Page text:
|Publication number||US6930769 B1|
|Application number||US 10/394,986|
|Publication date||Aug 16, 2005|
|Filing date||Mar 21, 2003|
|Priority date||Mar 21, 2002|
|Publication number||10394986, 394986, US 6930769 B1, US 6930769B1, US-B1-6930769, US6930769 B1, US6930769B1|
|Inventors||Clay Davis, Alex Aguirre|
|Original Assignee||Pointsource Technologies, Llc|
|Export Citation||BiBTeX, EndNote, RefMan|
|Patent Citations (30), Non-Patent Citations (2), Referenced by (5), Classifications (8), Legal Events (7)|
|External Links: USPTO, USPTO Assignment, Espacenet|
Applicant claims priority from U.S. Provisional Application Ser. No. 60/366,703 filed Mar. 21, 2002.
A system for identifying microscopic particles in a fluid such as water, includes a light source such as a laser that directs light through a small detect zone, while particles in the fluid occasionally pass through the detect zone. When a particle passes through the detect zone, it scatters light. One or more photodetectors detect light scattered in a particular direction, and the scattering pattern can be used to detect and/or identify the particle. Each photodetector or group of them, has an alignment surface with an axis, such as the outside of a tube that encloses lenses and a photocell, that should be precisely aligned with the axis of the field of view. The field of view should be neither greater nor smaller than expected.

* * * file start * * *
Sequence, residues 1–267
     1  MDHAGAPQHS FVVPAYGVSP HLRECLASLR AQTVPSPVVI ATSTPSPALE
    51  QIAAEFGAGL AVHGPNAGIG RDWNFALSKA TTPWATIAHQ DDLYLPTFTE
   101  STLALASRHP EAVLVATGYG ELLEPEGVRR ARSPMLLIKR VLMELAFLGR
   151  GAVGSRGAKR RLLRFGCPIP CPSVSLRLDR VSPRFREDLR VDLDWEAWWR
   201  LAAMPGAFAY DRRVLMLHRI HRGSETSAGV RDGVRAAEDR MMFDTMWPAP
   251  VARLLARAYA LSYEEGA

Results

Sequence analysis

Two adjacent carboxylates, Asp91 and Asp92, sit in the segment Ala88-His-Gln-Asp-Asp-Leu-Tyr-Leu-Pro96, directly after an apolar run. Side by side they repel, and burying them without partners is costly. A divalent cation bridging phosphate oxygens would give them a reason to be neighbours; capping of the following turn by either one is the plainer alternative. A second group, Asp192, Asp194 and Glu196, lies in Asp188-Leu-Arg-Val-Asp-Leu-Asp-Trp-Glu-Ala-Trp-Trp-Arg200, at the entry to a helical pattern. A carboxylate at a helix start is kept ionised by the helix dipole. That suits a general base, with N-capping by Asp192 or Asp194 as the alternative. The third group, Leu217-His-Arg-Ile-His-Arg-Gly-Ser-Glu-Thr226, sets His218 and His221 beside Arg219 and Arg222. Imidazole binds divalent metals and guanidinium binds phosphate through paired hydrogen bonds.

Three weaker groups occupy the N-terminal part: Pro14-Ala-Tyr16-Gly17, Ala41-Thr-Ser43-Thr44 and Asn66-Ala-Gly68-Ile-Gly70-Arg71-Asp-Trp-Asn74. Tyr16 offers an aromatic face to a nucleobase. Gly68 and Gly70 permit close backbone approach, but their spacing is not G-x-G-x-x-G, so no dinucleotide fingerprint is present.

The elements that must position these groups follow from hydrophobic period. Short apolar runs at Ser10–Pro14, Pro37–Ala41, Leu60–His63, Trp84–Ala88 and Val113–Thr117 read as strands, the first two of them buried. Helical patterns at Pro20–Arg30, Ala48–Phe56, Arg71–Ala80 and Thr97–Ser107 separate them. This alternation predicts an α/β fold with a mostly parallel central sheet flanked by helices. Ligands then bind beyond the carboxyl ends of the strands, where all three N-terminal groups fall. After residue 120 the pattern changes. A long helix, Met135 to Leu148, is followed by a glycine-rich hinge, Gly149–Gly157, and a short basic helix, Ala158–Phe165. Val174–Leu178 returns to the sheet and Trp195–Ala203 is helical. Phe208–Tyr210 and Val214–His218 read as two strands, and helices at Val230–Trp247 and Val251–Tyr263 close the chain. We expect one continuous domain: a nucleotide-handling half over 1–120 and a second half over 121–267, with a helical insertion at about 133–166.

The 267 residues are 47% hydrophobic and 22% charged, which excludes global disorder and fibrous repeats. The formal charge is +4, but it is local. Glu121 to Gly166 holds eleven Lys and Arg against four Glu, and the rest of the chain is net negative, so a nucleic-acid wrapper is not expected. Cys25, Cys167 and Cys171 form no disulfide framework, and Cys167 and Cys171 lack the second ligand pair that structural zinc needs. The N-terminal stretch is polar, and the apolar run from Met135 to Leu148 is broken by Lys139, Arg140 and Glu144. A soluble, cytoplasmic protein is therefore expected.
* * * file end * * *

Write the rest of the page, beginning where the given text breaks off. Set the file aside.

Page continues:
The detect zone that one or many photodetectors view, may be small, such as with a width and length each of 1.5 mm. It is important that when the alignment surface axis points at the detect zone, that a photodetector view substantially only the detect zone to detect light scattered from a particle passing through the zone. If the photodetector should detect light from outside the zone or not detect light scattered towards it from the zone, then the system would generate false readings. In one system, each of numerous photodetectors have a field of view that is only about 1.5°±0.5°. A method and apparatus that enabled a precise determination of the actual field of view of a photodetector, and the angle (if any) between the axis of the field of view and the axis of an alignment surface, in a simple and rapid manner, would be of value.
In accordance with one embodiment of the present invention, a method and apparatus are provided for rapidly determining the extent of the view of field of a photodetector, and especially its field of view with respect to an alignment surface of the photodetector. A screen is established in the field of view of the photodetector, and a narrow spot of light is established on the screen. The narrow spot of light can be moved into and out of the expected field of view of the photodetector. The output of the photodetector is monitored to determine when its output suddenly falls, which indicates that the spot of light is moving out of its actual field of view.